Friends of mine who know I represent employees in discrimination cases often ask me about age discrimination in the Kansas courts and how I prove these cases. Frankly, it is not easy.
Age discrimination cases arise under a federal act, the Age Discrimination in Employment Act, also referred to as the ADEA. Although these cases can be filed in state court, they are almost always removed to federal court because employers and their counsel are well aware of the hostile lens through which the federal courts view employment cases. Age discrimination cases can be removed from state court to federal court because they involve a “federal question.”
What does an older worker (the plaintiff) have to show if he or she believes they are the victim of age discrimination? The jury in Kansas is required to find the following elements to rule in favor of the employee in an age discrimination claim:
1. The plaintiff was an employee of the defendant employer
2. The plaintiff was forty or more years old at the time of his discharge;
3. The plaintiff’s employment was terminated; and
4. The plaintiff would not have been terminated but for his/her age. The plaintiff has the burden of proof to prove all of these elements by a “preponderance of the evidence,” which simply means more believable than not.
Obviously, an age discrimination rises and falls on the 4th element: whether an employee would not have been terminated but for his age. How do I go about proving this? There are two kinds of evidence that can be used to prove age discrimination: direct and circumstantial. Direct evidence is direct proof of a fact, such as testimony of an eyewitness. The best example of this is the plaintiff’s boss saying: “Bob, you are just getting too old to do sanding. Shouldn’t you be enjoying your life in an easy chair?” This type of evidence rarely comes along because most employers are well-trained to hide such feelings. Circumstantial evidence, on the other hand, is indirect evidence that leads a juror to believe that age discrimination took place. The best description of circumstantial evidence I ever heard was by one on my heroes, Federal Judge Frank Theis, who was appointed by President Johnson and passed away in 1998. In one of my first trials in federal court back in the 1980’s, Judge Theis (an avid outdoorsman) used this story to describe circumstantial evidence:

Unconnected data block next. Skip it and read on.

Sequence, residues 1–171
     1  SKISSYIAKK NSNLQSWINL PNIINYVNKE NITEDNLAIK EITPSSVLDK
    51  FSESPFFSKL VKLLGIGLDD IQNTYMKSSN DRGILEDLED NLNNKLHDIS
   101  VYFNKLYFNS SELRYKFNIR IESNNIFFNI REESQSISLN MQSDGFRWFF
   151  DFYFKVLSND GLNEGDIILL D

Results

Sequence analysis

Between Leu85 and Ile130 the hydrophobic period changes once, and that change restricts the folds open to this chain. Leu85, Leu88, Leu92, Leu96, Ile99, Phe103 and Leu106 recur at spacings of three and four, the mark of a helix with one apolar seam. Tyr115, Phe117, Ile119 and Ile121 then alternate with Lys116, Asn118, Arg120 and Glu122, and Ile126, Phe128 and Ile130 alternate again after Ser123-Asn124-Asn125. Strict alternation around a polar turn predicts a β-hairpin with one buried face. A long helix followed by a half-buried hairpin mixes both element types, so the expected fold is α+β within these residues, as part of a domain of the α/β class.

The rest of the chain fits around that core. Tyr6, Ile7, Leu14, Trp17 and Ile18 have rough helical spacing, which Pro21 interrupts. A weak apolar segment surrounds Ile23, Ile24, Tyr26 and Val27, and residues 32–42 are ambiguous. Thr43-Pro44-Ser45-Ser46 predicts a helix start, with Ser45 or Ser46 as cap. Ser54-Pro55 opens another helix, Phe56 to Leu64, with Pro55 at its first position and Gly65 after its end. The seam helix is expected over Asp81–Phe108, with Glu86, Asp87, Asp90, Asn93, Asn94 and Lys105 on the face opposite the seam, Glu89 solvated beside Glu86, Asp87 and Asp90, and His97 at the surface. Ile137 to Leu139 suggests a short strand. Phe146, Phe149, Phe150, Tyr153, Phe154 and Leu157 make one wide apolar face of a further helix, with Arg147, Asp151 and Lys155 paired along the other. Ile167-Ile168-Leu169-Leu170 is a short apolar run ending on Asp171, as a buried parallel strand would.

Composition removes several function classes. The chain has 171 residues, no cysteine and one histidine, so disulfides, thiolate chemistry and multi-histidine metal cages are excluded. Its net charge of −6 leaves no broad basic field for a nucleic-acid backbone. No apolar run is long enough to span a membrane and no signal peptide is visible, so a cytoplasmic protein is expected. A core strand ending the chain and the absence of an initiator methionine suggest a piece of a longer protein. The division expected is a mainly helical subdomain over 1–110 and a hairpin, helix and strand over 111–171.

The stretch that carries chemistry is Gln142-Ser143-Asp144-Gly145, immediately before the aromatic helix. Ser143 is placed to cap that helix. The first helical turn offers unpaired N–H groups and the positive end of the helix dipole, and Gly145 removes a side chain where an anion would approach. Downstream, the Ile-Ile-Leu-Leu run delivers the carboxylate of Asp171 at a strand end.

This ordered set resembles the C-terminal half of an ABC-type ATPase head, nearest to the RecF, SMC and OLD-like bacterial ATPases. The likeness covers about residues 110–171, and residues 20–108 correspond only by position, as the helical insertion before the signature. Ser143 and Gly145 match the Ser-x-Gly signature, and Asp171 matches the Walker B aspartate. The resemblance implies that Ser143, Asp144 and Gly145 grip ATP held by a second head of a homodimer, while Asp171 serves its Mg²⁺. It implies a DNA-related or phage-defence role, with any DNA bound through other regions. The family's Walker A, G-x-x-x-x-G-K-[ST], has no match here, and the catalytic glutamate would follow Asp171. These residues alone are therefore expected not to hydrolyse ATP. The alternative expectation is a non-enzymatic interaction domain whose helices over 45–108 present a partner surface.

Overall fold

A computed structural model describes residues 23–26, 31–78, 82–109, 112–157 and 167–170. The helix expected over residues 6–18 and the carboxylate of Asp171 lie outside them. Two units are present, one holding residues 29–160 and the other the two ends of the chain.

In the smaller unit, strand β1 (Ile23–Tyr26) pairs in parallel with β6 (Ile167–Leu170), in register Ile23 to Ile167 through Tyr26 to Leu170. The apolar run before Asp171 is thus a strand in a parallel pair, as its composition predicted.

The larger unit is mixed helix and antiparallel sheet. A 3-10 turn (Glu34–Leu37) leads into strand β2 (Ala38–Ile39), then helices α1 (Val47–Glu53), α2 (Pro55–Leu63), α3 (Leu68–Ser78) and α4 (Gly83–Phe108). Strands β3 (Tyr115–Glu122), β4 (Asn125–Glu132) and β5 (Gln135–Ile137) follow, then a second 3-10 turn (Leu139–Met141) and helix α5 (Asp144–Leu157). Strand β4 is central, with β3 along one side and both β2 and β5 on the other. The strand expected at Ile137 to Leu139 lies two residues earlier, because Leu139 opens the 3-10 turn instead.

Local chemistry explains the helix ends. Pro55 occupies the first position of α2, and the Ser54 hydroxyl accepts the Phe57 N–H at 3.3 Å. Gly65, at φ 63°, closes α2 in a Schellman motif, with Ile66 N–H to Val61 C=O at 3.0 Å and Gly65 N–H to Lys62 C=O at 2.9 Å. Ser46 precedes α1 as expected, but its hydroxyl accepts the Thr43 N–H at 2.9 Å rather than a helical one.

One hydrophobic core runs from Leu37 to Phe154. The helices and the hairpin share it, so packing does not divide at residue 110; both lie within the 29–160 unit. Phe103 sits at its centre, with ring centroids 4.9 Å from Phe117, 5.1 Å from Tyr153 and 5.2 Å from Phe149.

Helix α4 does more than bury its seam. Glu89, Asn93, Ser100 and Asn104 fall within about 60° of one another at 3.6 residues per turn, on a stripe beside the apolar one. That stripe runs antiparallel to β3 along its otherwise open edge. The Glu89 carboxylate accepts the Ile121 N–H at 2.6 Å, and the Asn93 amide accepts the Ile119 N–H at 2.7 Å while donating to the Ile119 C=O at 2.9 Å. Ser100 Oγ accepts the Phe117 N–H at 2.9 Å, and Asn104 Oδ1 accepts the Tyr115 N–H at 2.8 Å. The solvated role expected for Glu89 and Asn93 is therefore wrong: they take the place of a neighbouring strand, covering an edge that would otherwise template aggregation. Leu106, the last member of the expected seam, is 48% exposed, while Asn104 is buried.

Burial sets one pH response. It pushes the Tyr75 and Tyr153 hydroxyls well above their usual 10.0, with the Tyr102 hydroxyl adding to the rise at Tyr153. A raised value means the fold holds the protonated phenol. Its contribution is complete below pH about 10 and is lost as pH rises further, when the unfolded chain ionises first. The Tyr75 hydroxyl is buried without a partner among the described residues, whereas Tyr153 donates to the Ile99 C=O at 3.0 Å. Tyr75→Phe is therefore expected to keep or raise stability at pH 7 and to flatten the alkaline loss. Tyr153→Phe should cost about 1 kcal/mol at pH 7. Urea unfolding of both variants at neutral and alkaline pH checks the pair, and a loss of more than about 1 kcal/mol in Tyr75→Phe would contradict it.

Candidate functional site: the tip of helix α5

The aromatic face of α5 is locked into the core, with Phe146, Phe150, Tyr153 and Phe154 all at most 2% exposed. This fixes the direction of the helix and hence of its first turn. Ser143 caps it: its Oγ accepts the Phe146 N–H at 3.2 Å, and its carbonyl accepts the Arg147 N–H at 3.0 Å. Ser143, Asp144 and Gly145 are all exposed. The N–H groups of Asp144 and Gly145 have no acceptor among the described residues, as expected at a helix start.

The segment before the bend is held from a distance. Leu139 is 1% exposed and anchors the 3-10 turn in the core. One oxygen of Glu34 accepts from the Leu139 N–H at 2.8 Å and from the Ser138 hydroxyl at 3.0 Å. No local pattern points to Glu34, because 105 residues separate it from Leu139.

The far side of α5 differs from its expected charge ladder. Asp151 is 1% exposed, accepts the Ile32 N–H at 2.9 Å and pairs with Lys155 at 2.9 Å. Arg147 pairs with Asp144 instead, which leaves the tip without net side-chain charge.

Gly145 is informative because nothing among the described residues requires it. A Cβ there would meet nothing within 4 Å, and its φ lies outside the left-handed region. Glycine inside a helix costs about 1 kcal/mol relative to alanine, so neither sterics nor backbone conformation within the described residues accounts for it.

Imagine you are out rabbit hunting early one December morning. It is a beautiful winter morning and a fresh blanket of snow covers the ground. You come across a set of tracks which any hunter worth his salt instantly recognizes as rabbit. In the fresh snow, you follow the tracks to a hollowed out log. Now, you didn’t actually see the rabbit hop into the log, but you know that rabbit is in the hollow log. How? Because the tracks go to the hollow log and do not come out. That, folks, is circumstantial evidence.
The task in age discrimination is proving that age is the “but for” reason for an older worker’s discharge. The employer always has a plethora of reasons about why my client was fired–none of which ever has anything to do with age. The attorney representing the older worker must take on these reasons and show they are pretextual. That, is age discrimination in a nutshell.
Randall K. Rathbun
Depew Gillen Rathbun & McInteer, LC
This article is based on hypothetical facts and is issued for general informational purposes only. It is not intended to be construed or used as legal advice.